The issue of interaction with wildlife on an overland trip is often the stuff of dreams. Many of us imagine the thrill of bouncing across the plains of East Africa in the middle of an endless herd of wildebeest, zebra and lions as we are awestruck spectators to the Great Migration. Others dream of the caribou migrations of the Great White North, or meeting up with the great predators; wolves, lions, bears and tigers. Many overlanders travel with the hope of getting close to wild nature, and this can the reason for the trip itself – but it does need caution – often you get more than you bargained for, as you provide the entertainment for the wildlife, not the other way round!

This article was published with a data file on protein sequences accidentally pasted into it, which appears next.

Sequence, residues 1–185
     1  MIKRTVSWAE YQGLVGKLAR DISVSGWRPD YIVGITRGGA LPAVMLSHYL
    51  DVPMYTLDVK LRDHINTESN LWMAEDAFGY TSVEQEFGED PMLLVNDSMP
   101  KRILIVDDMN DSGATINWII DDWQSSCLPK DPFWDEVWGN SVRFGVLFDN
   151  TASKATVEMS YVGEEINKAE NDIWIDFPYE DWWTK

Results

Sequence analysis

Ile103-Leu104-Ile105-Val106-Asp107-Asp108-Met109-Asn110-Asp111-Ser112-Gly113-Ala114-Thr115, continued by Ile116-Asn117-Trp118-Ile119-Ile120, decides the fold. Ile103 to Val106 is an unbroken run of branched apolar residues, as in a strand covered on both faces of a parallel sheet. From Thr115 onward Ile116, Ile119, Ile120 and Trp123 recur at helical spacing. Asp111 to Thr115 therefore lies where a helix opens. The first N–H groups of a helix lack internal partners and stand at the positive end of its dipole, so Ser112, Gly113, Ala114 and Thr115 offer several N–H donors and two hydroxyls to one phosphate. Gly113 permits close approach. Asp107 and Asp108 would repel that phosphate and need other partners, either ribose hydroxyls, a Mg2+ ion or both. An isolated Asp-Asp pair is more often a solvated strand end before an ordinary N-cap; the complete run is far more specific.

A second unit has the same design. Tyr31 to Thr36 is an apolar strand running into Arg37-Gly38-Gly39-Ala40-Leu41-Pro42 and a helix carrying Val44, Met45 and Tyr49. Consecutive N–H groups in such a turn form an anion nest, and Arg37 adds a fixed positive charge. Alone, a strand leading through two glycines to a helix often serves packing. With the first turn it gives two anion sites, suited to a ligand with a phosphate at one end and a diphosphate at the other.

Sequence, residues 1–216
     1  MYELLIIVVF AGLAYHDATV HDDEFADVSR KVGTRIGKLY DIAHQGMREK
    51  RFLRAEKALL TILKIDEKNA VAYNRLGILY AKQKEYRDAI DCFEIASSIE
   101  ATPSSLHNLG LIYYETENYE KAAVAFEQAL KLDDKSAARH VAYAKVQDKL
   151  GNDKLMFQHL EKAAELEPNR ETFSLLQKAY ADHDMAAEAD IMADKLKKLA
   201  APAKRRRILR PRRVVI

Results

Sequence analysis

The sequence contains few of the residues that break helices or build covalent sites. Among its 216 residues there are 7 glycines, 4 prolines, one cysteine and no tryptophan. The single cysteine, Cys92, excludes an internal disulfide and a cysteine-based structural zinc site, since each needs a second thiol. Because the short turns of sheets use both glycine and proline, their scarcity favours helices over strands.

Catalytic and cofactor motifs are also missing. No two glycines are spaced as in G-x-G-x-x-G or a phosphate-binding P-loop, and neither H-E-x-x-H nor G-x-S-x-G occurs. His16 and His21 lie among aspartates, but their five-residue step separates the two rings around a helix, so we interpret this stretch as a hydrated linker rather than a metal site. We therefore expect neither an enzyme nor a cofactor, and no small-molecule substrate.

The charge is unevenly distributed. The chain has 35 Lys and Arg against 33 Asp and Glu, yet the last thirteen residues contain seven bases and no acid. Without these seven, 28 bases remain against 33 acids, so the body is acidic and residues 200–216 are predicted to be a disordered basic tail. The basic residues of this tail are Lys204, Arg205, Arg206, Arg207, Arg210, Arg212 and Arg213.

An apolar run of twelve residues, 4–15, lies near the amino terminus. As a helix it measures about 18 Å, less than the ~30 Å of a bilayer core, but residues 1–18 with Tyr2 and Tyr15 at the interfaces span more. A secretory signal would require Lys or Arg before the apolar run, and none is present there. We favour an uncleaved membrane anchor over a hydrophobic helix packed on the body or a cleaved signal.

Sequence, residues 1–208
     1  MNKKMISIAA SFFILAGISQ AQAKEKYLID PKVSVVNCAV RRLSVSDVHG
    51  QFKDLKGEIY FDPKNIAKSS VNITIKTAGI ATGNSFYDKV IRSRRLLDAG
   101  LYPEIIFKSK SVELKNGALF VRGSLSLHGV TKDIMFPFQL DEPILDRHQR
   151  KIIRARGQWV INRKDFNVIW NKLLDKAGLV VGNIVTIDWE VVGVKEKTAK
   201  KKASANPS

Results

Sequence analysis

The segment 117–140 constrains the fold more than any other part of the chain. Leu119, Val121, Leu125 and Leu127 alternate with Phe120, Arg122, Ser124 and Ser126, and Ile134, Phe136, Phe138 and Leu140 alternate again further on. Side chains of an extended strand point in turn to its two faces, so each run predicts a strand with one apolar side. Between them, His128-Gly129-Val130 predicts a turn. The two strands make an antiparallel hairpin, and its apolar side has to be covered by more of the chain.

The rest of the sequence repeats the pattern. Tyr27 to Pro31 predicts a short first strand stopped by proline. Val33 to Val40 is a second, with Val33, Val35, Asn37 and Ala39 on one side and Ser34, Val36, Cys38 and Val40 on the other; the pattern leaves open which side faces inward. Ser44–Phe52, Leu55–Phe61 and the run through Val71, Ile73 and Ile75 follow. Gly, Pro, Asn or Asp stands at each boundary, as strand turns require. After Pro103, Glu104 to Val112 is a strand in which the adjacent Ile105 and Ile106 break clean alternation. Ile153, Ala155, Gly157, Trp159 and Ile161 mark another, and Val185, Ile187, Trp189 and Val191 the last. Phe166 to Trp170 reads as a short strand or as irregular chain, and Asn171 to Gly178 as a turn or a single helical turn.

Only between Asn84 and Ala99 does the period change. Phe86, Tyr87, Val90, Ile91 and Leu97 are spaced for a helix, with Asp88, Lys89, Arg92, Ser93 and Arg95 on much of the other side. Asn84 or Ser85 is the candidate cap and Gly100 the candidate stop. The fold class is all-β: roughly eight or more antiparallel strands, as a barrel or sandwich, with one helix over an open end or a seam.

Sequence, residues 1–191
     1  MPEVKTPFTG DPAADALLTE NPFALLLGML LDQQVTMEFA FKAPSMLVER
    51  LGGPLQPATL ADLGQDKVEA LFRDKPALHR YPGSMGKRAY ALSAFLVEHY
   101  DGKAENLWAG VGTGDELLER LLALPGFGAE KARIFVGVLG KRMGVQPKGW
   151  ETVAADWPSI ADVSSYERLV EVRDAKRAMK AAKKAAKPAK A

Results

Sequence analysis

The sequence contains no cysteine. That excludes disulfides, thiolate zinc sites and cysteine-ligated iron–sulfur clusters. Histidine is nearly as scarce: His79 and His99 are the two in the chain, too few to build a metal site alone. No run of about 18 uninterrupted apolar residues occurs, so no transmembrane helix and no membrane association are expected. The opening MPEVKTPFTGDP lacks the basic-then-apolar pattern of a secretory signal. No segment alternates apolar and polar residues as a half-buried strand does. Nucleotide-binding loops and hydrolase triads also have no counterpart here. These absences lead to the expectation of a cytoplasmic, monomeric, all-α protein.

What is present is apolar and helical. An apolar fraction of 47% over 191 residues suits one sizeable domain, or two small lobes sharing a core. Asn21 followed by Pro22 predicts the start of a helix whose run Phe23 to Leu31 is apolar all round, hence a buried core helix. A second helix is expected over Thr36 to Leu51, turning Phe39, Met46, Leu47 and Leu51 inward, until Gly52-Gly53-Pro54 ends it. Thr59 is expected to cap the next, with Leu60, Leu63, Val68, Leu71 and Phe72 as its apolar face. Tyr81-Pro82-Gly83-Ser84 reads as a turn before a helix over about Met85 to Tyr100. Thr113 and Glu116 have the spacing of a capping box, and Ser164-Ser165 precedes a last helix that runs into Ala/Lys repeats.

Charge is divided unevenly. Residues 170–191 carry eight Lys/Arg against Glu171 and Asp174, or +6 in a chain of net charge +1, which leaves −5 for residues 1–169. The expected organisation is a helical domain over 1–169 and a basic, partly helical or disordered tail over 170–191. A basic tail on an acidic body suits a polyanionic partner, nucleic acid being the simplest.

A few years ago some friends and I were on the banks of the Sand River that forms part of the border between Kenya and Tanzania. We’d been ‘that’ lucky Land Rover – in fact pair of Land Rover Defenders, sitting for a few days awestruck, cameras whirring, in the long grass of the Masai Mara National Park whilst tens of thousands of wildebeest mooed, pooed and chewed their way past us, chaperoned by vast hordes of zebra and antelope and stalked by plotting, slavering lions. We didn’t have a guide or an itinerary, we were just out wandering in the bush, footloose and fancy free, and able to decide on our own route, camp spots and timetables, so as the sun reached its high point one day we pulled in on the river banks to make some sandwiches and survey the great rushing river – sitting on the Kenyan shore and watching the vast crocodiles on the other, Tanzanian, bank a few yards away. The crocodiles watched us, too.